Thursday’s dramatic drop in the price of oil and other commodities has left markets reeling.
The rout has continued on Friday morning, and at the time of writing, Brent is down at around $105 a barrel, from about $125 on Monday.
But with no obvious trigger for the sell-off, traders and analysts are offering varying interpretations as to why it is happening, and, especially, why now.
The best list of possible reasons comes from JBC energy markets, who offer these (links our own):
-OPEC’s consideration to raise formal quota levels in June
-the death of Osama bin Laden and falling geopolitical risks amid “stabilising tensions” in the Middle East and the end of Nigerian elections
-the end of QE2 in June
-interest rate hikes in India and other Asian countries
-the rise of the dollar amid ECB indications of no imminent further interest rate hike
-the impact of higher fuel and commodity costs
-the general sell-off in commodities, with silver losing 25% of its value since April 25
-a larger-than-expected build in US crude inventories
-a fall by 1.3 million b/d to 18.3 million b/d in US weekly implied demand figures
But they then proceed to dismiss most of these:
There is no way that daily economic data has the power to cut $10 out of oil in one go, as underlined by the fact that the DJIA fell by just 1.1% yesterday.
Currency fluctuations alone could only have been a contributing factor – a similar dollar gain on Apr 18 coincided with a $2.50 decline in oil prices.
Short-term fundamentals are also an odd approach, especially when based on weekly US product supplies, which are well-known to contain errors.
Opec might still have a significant impact on traders’ minds but a possible change of the formal quotas in June is of limited real relevance.
Rather their explanation is simply that a drop like this was due (again, the link is ours):
In the general recovery-backed bull rally, higher price levels were steadily being targeted… All the recent geopolitical issues have provided a steady flow of bullish news, but this has started to ebb recently.
To turn the market around bearish news needs to accumulate and generate a momentum. And most of the factors above have helped the formation of such a bearish momentum, which was also fuelled by the Goldman Sachs comments three weeks ago.
Stephen Schork of the Schork report is blunter in his assessment:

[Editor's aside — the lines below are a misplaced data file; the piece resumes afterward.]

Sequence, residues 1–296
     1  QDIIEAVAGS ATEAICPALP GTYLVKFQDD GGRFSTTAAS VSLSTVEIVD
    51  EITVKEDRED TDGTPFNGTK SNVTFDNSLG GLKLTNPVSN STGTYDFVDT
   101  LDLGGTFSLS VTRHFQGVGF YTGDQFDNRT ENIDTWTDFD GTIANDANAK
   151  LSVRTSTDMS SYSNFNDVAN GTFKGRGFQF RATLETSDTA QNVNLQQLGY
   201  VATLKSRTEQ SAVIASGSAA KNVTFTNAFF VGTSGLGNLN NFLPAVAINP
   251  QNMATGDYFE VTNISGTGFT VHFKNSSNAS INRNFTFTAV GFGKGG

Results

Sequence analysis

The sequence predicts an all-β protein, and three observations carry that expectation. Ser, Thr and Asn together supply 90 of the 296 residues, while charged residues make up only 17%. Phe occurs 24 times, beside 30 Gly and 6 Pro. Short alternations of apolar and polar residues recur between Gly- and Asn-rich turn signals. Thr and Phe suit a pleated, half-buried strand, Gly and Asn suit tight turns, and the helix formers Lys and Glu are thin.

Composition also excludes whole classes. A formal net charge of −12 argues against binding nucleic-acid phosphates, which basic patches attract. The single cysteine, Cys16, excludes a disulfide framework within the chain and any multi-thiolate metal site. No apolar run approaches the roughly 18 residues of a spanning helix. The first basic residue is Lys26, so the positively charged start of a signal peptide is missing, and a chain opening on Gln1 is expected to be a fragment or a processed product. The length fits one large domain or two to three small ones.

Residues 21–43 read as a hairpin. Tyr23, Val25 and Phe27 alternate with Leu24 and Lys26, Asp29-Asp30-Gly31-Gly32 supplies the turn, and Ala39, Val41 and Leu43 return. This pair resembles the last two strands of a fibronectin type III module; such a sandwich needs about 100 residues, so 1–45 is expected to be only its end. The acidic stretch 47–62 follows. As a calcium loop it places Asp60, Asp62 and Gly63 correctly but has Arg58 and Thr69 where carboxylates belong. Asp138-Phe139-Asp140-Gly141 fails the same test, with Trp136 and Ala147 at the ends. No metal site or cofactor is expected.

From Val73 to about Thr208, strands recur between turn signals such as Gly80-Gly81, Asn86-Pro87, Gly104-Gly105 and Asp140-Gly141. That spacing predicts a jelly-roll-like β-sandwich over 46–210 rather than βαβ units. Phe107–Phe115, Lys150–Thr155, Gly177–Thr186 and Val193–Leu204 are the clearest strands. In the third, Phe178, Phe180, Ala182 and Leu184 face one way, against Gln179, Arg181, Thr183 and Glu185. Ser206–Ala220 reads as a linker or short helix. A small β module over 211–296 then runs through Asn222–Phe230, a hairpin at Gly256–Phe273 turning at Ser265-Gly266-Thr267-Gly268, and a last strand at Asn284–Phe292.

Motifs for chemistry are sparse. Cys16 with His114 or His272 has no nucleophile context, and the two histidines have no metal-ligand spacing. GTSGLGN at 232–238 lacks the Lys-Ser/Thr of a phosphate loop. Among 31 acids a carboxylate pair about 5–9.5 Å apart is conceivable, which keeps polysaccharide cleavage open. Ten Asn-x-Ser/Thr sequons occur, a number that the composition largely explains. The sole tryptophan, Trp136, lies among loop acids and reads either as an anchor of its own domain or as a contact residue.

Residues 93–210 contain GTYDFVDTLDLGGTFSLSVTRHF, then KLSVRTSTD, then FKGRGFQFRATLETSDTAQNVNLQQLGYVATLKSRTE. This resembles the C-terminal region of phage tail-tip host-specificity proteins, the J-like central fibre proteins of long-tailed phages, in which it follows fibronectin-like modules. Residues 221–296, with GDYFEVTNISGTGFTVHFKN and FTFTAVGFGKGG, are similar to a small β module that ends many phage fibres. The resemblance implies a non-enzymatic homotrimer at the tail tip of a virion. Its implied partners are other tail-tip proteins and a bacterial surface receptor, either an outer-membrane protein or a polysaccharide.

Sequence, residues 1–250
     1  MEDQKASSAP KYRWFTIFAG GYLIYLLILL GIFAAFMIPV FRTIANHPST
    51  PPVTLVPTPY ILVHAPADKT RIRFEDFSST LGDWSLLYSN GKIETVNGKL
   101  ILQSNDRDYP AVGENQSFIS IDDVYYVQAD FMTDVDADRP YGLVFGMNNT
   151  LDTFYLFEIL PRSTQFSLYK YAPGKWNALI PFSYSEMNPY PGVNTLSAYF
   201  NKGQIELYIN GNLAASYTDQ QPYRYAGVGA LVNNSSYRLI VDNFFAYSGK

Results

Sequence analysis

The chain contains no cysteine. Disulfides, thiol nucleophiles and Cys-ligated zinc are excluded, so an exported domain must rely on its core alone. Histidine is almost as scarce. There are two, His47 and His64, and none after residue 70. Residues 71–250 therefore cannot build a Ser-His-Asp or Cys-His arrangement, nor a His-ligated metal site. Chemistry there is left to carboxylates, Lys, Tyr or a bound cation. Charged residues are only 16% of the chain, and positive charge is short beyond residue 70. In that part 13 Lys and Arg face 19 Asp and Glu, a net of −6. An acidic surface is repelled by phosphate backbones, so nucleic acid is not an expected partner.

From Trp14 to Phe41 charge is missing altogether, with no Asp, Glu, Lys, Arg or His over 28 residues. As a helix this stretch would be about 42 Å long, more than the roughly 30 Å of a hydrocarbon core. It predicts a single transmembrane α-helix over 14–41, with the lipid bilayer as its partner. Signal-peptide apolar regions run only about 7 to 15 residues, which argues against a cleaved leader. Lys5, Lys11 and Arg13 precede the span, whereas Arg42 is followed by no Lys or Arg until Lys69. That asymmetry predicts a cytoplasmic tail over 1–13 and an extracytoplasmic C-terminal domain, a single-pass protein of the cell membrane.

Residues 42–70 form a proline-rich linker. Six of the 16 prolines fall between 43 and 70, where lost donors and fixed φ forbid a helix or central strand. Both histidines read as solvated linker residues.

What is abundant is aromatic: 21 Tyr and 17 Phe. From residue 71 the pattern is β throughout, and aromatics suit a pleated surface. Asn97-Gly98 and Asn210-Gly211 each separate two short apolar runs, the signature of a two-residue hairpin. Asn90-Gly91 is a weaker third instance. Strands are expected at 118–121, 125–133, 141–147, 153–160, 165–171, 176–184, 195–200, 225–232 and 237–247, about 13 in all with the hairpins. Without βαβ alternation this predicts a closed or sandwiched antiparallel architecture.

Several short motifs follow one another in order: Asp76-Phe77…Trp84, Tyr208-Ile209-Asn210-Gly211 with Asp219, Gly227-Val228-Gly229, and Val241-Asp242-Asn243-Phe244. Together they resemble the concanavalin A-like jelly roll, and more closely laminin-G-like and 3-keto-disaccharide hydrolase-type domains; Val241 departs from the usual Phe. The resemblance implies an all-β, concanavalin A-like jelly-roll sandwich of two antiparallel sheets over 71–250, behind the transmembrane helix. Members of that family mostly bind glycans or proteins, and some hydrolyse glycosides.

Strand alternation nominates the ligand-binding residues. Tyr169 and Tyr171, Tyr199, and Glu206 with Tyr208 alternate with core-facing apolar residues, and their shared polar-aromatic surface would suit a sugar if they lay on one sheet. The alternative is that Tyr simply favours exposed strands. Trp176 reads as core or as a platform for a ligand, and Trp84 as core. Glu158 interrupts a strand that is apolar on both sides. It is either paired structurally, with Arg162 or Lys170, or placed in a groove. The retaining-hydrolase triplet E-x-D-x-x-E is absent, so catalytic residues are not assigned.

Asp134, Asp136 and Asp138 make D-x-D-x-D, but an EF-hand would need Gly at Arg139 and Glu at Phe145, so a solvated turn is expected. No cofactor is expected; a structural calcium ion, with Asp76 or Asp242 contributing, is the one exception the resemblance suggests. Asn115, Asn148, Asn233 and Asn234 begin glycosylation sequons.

The causes? A sharp recovery in the dollar and a spike in domestic initial jobless claims to 474K, an eight month high.
His currency-led explanation is backed up by Olivier Jakob at Petromatrix:
Our opinion has been that the Euro Dollar was entering a zone where sustainability was at risk due to the strain it creates on the European export economy.
But Jakob also holds to the German data theory:
One of the bearish trigger yesterday was the German manufacturing orders which fell sharply by -4.0% versus expectations of a small increase.
At Reuters, John Kemp pays attention both to George Soros and to increasing talk about demand destruction:
The two most notable developments in the oil markets in recent weeks were (1) the increasing chatter about demand destruction which had displaced the previous emphasis on geopolitical risks and supply constraints as the dominant narrative; and (2) reports that Soros’ fund had started to trim its gold holdings.
To add to competing theories about the causes, there are inevitably disagreements about the direction of oil from here. Kemp sums up the positions:
The narrative about strong demand growth from China and other emerging economies remains intact. Geopolitical risks have receded but have not gone away. Supply growth remains uncertain and potentially costly.
But demand restraint and destruction is occurring, and will accelerate the higher prices go and the long they stay there. As the short-term spike of 2006-2008 becomes a medium-term “permanently high plateau” (to misquote U.S. economist Irving Fisher) alternative sources of supply and new technologies become viable and pose an increasing threat to oil.
Olivier Jakob has another prediction:
What stands out is that equities have not really reacted yet to the big drop in commodities but we do not want to exclude the risk that a correction comes there too following the commodity rout. The move in commodities has been so brutal that it has in our opinion not yet been fully assessed by asset managers and investors.
And he also mentions what seems to be the strangest coincidence of the move:
Today is May 6th, the one year anniversary of the flash crash.